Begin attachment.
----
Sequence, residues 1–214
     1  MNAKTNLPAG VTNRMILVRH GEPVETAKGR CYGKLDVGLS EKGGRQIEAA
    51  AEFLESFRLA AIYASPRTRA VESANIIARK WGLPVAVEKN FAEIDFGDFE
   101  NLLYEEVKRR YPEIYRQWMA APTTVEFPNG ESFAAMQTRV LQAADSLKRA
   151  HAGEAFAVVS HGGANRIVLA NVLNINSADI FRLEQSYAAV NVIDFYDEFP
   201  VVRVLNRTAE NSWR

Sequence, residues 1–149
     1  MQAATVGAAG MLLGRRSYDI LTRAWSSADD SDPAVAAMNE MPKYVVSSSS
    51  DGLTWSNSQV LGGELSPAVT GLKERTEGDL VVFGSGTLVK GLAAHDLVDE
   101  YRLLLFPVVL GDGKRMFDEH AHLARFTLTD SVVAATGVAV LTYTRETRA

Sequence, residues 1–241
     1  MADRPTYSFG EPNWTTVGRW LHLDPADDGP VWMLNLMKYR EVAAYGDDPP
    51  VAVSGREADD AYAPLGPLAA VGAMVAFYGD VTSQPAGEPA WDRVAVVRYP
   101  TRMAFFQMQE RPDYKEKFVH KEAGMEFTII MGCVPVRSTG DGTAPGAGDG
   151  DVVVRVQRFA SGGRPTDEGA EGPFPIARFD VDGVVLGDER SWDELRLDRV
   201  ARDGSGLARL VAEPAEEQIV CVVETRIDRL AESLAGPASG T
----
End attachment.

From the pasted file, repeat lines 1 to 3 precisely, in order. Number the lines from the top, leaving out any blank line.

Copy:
Sequence, residues 1–214
     1  MNAKTNLPAG VTNRMILVRH GEPVETAKGR CYGKLDVGLS EKGGRQIEAA
    51  AEFLESFRLA AIYASPRTRA VESANIIARK WGLPVAVEKN FAEIDFGDFE